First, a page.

At the core of good offices of the Prime Minister of Malaysia is tendered in all good faith the act of maintaining contact with both the conflicting parties and providing both the means of negotiation and pacific settlement. There is no coercion or forceful carrying out of one’s will in facilitation. So it is crucial to recognize in the first place that the Court looked at the development of events amid current war hysteria and the ‘big picture’ myopia of digital and print media that put the impetus:

“Mootness is sometimes viewed as “the doctrine of standing set in a time frame: The requisite personal interest must exist at the commencement of the litigation and must continue throughout its existence. Stated otherwise, an actual controversy must be extant at all stages of judicial review, not merely at the time the complaint is filed.” [Separate opinion, Puno, J. at 12)

What sense of justice puts personal interest above the obligation to respect dignity, personality, privacy and peace of mind defined in the Civil Code for human relations with neighbors and others? To fill in the void, the chief magistrate could have returned to his well-written treatise on balancing vexed ‘peace of mind’ and legal foundations by analogy to meet novel problems as herein. At the onset of the controversy some lawyer crackpot burned the flag of the Federation of Malaysia in front of the office of the IMT office in Cotabato City. Not unlike the constitution the flag is ‘a powerful symbol of a particular set of sentiments and ideas’ and thus both must be placed in a higher realm of existence than the material. Here the significant ontological point is not ‘the misuse or desecration of the emblem’ but that its use is a protected speech. Both the flag and the constitution convey emotive message: “just as forcefully as in a dozen different ways” to borrow Rehnquist’s phraseology. As an equation, the pretext for the discretion of what the flag represents Justice Brennan’s remark is instructive in an important footnote: these assertions “sit uneasily”. By analogous reasoning the place of “consultation” to give effect to “the right to information” elevated to a constitutional right in the 1987 Constitution cannot be equated with same universal status as liberty or freedom of speech or of the press, or the right of the people peaceably to assemble and petition for redress of grievances.

Certain factors explain why the High Court should not get embroiled in a “culture war” when faced with ambiguity about cynical manipulation of patriotic symbols to appeal to passions initiated by some Mindanao local government executives-petitioners. True enough the Constitution is a powerful abstraction—in which not only a “legalese process” but also a cognitive belligerence embroiled in a “war of culture” can be easily read into it—because it is profoundly offensive to the majority of the people. No matter what excuses of “with due respect” those who sit in ivory towers may get it right; yet, there is a high level of anticipatory regret, if the decision does not transpire as expected. A magistrate who tips the balance sometimes has expressed regret years later that one had voted the way he or she did with cultural overtones.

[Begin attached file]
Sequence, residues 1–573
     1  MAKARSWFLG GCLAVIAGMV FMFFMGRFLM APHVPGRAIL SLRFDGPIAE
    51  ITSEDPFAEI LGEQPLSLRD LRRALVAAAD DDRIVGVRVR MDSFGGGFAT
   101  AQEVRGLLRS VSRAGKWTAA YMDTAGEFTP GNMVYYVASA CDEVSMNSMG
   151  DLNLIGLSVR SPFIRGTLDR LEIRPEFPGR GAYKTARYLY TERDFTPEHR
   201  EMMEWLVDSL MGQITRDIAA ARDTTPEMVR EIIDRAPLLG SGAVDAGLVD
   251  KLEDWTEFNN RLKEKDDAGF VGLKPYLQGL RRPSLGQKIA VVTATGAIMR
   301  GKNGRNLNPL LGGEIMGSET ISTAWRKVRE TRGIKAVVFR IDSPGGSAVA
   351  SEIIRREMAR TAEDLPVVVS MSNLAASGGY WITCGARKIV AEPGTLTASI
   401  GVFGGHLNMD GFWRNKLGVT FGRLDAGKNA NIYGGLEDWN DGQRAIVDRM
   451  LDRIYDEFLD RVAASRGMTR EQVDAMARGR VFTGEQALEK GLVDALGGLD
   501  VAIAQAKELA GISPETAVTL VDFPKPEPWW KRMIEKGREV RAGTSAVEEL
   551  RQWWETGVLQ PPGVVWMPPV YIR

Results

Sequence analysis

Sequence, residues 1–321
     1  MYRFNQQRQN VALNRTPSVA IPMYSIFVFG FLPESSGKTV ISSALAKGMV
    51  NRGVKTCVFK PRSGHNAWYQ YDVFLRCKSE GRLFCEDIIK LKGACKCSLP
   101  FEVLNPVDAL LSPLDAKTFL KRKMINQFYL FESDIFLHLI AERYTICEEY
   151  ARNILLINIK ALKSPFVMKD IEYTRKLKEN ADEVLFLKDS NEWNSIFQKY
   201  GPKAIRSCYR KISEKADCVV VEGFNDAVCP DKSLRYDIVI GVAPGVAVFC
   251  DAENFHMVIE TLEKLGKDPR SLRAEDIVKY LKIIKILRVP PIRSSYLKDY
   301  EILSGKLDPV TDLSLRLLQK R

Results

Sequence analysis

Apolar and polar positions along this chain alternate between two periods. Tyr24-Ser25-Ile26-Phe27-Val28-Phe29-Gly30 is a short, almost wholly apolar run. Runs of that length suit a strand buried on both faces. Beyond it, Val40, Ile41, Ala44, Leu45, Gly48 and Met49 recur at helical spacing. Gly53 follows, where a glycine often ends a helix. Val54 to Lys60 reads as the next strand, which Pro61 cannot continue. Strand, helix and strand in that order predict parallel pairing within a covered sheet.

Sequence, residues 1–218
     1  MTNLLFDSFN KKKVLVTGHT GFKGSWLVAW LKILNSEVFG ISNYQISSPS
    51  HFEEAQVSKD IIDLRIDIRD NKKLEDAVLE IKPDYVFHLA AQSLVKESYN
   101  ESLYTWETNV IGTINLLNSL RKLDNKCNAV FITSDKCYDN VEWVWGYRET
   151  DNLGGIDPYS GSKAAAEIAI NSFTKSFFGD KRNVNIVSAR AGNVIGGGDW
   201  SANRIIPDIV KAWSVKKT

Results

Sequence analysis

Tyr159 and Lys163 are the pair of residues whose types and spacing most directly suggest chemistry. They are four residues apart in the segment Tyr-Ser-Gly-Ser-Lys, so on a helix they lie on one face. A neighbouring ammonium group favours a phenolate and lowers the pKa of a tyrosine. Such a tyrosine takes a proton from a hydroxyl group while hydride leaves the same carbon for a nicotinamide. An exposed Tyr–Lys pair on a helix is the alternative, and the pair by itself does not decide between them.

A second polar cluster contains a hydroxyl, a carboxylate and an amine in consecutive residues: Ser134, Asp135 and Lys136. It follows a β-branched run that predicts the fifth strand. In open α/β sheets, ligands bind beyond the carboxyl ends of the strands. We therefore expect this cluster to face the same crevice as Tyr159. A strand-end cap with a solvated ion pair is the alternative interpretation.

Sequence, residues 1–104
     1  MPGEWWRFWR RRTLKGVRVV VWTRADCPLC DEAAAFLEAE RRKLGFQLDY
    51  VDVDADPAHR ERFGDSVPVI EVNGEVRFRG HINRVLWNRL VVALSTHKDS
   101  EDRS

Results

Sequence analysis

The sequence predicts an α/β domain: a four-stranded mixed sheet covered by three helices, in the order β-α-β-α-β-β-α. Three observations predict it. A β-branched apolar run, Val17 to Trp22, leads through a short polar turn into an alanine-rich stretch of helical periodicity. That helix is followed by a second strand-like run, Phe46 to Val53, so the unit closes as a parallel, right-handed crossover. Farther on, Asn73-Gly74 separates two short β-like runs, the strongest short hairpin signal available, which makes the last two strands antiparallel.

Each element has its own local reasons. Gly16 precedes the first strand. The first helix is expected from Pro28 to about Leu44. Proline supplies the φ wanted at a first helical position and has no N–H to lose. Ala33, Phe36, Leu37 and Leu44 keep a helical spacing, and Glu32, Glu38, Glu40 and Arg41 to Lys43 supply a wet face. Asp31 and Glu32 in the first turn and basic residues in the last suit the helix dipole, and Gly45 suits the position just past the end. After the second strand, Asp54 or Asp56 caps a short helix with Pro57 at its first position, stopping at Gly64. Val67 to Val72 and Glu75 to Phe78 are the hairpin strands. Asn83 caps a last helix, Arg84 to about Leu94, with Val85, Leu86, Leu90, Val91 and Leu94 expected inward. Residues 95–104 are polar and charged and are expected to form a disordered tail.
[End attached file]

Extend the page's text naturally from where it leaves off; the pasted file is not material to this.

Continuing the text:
I respectfully submit in such event lies the endowment of human life and safety marked by the pursuit of peace of mind. Overlapping with the foundation for independent legal concept of speech through “self-evident truths” for redress of grievances is never about passion for reason. Whose preference shall govern? Dean Raul Pangalangan’s point about ‘warmongering’ and ‘rebels and constitutionalism rhetoric’ is correct analysis but he has misapplied this enlightened attitude to institutional failings from powerful countervailing skeptics: the forces of self (ego), ambition, narrowness, ignorance, prejudice, and misunderstanding. Seen as episodes of democratic behavior, consensus building and conflict resolution one cannot find “the conditional language of earlier agreements” in the furtive MOA-AD precisely because our negotiating formulation embodies the very nature itself of ‘conditional’ or ‘provisional’ or ‘earned’ sovereignty via transitional process. Transitory provisions of the 1987 Constitution are basic examples, if one accepts the skeptical premise of political decision as simply a matter of whose preference shall govern: from private armies to political dynasties to inadequate remedies for reversion to the State of all lands of the public domain and real rights arising therein.